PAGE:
Melanie is going deep with this week’s edition of Share Your World.
What did you learn the hard way?
I learn best by doing, so I’d say most of what I learned I learned the hard way.
Which activities make you lose track of time?
Writing and reading blog posts.
Why do we seem to think of others the most after they’re gone?
I assume, by “after they’re gone,” Melanie means after they’ve died, not after they’ve left your house after a visit. I’m also a little confused by the wording. Does Melanie want to know why we think the most of people after they died (i.e., think more highly of them), or why we think of people the most after they’ve died (i.e., think of them more often)?
I’m going with the former because I probably don’t think of people more often after they’re gone than I did before they died. And my answer to the other interpretation is that it depends upon what I thought of the person when they were alive. If I liked and admired the person, I will feel a loss after their death and will focus on the best aspects of his or her life. But if I neither liked nor respected the person in life, I won’t think better of them in death.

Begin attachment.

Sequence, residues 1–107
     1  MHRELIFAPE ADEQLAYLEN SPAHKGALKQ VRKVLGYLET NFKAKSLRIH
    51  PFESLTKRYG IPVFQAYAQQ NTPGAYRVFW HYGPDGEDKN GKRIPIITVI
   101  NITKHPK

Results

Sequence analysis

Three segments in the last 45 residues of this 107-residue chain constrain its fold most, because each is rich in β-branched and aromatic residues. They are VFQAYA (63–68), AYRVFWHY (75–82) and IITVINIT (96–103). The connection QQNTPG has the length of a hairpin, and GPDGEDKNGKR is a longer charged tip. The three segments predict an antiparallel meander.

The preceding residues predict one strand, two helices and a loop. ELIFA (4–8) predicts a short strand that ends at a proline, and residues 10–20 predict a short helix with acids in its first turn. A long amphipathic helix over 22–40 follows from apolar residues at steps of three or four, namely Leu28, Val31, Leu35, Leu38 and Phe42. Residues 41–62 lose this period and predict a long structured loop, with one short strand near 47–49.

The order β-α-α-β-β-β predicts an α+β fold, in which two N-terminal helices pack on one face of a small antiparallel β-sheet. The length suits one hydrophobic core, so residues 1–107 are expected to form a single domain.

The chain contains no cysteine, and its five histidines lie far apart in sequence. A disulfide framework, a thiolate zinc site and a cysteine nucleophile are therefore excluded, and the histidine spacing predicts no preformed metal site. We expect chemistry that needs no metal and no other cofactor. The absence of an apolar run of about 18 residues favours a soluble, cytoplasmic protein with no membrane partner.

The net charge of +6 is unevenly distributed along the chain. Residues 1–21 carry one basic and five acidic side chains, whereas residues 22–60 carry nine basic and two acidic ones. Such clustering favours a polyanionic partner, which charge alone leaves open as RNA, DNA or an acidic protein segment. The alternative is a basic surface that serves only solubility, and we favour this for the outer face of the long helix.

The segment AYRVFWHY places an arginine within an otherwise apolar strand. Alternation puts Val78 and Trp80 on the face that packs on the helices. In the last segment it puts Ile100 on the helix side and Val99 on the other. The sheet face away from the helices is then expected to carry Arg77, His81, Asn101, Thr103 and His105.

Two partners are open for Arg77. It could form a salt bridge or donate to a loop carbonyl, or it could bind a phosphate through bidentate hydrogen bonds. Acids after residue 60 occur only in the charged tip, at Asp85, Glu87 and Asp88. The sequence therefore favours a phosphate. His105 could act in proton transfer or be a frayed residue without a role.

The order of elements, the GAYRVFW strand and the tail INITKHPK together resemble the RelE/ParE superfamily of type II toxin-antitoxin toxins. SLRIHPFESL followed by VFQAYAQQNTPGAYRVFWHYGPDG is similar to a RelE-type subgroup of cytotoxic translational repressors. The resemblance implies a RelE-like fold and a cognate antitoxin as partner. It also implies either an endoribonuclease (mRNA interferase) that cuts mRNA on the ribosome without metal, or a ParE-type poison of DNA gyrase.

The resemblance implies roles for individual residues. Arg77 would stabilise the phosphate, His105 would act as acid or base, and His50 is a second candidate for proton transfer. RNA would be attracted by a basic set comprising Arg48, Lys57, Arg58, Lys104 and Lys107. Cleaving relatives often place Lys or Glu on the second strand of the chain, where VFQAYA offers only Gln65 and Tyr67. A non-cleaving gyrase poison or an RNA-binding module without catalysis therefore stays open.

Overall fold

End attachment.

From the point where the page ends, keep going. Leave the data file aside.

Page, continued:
And if I either misinterpreted Melanie’s question or overthought it, well, never mind.
Is it possible to know the truth without challenging it first?
“Truth” is subjective. Truth can be like faith, in that it is often based upon beliefs rather than demonstrable facts. I know that I can’t challenge every “truth” I’ve ever been taught. For example, I accept the fact that the planet on which we live is basically round and I accept that as the truth. But there are others who inexplicably believe that the Earth is flat, and that truth is their “truth.” My bottom line, as a pragmatist, is to follow the evidence, understand and accept what is demonstratively factual, and that will ultimately lead me to the truth. Or my truth, anyway.